It seems some councilors at Wandsworth are bit sensitive about the reporting I have been doing around the Battersea Power Station Project.
In the last few days a number of councilors have been tweeting the following:
— Cllr Ian Hart (@IanHart14) July 22, 2017
The truth that I am hiding from you – all rather amusing given the months it took me to extract details of the planning application for Battersea Power Station from Wandsworth Council.
The argument that they are seeking to make is that Battersea Power Station has been hit by massive increasing costs, which is what they say makes the scheme unviable, and why the developers need to dump affordable housing.
They are rather missing the point.
My article on Battersea dealt primarily with the deal done with the developers at the planning stage, before a brick had been laid. Before any cost increases had been incurred.
After having got hold of the previously confidential documents attached to the original planning application it became clear that Wandsworth Council had done a deal with the previous owner of the site, Treasury Holdings, to drop affordable housing. They gave the company a more valuable planning permission which it needed to recoup the huge sums it had paid for the land – nothing to do with rising costs on construction.
The council’s advisors were clear that if planing guidance had been applied strictly then the council could have demanded over 1000 more affordable homes. They choose not to.
Secondly, now that the deal is out in the open, the developer may well try to deflect attention by squealing about rising costs, but the fact that costs have been rising at the project is meaningless unless you know what is happening to revenues too. And they have been hugely increasing over the original estimates.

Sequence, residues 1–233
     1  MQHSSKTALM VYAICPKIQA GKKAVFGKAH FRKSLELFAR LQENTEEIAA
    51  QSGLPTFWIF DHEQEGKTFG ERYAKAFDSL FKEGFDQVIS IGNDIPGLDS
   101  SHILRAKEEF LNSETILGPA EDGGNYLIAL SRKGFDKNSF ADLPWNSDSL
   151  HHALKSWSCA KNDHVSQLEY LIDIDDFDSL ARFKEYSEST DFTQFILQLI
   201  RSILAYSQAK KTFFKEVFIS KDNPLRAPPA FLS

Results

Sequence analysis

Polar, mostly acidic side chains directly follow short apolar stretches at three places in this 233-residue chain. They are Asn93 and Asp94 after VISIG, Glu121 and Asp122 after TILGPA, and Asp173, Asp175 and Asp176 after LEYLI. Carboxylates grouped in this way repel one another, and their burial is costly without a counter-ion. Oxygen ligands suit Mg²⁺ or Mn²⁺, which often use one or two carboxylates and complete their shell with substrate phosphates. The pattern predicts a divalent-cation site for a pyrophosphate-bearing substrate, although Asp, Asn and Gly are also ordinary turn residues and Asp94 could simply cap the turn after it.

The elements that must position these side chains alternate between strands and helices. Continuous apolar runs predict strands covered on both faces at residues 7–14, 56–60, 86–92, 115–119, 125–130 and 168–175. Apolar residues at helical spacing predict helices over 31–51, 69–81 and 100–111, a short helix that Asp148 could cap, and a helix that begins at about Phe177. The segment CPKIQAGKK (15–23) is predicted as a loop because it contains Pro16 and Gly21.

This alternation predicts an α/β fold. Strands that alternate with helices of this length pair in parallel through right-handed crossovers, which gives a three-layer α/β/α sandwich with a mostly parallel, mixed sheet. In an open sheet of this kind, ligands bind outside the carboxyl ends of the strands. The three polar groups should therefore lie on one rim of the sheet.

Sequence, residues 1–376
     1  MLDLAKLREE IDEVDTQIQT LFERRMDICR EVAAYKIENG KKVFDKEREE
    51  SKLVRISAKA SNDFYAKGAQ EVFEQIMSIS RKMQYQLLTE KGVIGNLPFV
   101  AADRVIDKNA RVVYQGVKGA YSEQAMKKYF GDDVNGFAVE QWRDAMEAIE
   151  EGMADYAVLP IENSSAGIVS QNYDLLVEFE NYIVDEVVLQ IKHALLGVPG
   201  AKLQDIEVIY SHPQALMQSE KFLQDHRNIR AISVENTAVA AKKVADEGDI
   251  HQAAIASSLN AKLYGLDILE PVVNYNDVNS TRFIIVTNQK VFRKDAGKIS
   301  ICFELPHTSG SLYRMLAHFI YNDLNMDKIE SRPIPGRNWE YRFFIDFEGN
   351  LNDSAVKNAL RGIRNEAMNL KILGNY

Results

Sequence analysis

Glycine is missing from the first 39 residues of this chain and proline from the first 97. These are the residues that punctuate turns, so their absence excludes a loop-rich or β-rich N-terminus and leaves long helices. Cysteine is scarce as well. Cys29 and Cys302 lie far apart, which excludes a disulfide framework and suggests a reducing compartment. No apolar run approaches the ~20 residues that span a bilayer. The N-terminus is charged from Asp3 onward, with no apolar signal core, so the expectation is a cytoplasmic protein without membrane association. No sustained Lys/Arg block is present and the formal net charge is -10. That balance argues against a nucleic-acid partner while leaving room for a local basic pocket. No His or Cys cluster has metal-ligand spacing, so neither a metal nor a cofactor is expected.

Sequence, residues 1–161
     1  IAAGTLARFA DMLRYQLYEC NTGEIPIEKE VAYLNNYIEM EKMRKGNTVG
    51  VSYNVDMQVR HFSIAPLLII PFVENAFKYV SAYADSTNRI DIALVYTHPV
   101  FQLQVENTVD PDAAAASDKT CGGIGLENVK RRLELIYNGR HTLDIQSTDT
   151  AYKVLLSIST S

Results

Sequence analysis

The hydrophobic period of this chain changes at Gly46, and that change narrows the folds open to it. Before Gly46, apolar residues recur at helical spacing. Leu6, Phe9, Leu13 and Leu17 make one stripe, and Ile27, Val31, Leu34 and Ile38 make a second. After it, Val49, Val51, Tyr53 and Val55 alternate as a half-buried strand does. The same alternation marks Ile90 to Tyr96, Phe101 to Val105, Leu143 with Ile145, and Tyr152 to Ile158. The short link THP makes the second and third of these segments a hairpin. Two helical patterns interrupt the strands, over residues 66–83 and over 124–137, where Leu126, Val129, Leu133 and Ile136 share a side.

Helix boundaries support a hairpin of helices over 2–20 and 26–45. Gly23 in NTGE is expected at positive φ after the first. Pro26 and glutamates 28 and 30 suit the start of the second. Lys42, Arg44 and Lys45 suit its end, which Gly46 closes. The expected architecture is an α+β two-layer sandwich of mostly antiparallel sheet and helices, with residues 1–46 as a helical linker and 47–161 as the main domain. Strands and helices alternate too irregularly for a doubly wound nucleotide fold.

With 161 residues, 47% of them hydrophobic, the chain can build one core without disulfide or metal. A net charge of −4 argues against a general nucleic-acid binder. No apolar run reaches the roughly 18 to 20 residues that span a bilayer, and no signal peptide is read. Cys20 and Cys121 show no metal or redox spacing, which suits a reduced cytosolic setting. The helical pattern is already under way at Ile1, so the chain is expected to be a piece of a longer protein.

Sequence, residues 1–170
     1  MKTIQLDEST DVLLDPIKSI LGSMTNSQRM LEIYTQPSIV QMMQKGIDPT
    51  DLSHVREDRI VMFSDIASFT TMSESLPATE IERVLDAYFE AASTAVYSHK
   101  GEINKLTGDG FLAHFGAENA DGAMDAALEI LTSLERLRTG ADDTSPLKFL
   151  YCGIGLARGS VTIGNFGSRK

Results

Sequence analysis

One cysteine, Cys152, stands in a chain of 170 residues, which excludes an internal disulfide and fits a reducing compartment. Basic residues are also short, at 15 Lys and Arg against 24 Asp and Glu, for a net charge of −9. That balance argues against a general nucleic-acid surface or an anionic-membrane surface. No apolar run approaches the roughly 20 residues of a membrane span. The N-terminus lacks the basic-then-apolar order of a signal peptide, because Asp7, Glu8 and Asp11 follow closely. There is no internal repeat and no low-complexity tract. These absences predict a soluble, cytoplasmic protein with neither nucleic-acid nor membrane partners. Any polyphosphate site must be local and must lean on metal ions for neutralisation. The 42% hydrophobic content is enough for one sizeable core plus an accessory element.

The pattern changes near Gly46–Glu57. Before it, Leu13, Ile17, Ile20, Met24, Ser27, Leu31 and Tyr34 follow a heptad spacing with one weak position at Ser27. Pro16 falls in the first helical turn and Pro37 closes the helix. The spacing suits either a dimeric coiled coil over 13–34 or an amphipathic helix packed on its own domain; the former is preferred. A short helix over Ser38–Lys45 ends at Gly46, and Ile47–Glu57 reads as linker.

In 2010, with the original planning permission was granted, developers estimated that the project would generate £6.6bn in revenues. By 2016 that estimate had risen to £8.8bn. Both estimates I have accounted for future price growth. The additional £2.2bn is over an above the increase in house prices predicted at the time of the application.
Finally, the whole episode brings up the core problem with the way financial viability is treated in the current planning system.
Even if costs had been rising to the extent that it wiped away almost all of the profit for the developer, why is it that the public has to pay?
Developers often claim that they require high profits to compensate them for the risks they undertake. But where is the risk in the project if you can just go back to the council for a handout of more luxury homes if the going gets tough. Risk after-all should have an upside and a downside.
I understand why Conservative councilors are sensitive about the issue. The Labour party in Wandsworth have been campaigning on the the lack of affordable housing at Battersea, and they feel the need to defend their actions.
But Labour equally are cutting the same deals all over London in boroughs they control. What is needed is for politicians on all sides to engage with the issues and think though why our city is failing so miserably to deliver the kind of housing we need.
A good start would be for councils to start publishing the deals they propose to make with developers before planning permission is granted, rather than 7 years later (and only then after some resistance). That way we could have a proper debate about the appropriate contribution to be made by developers.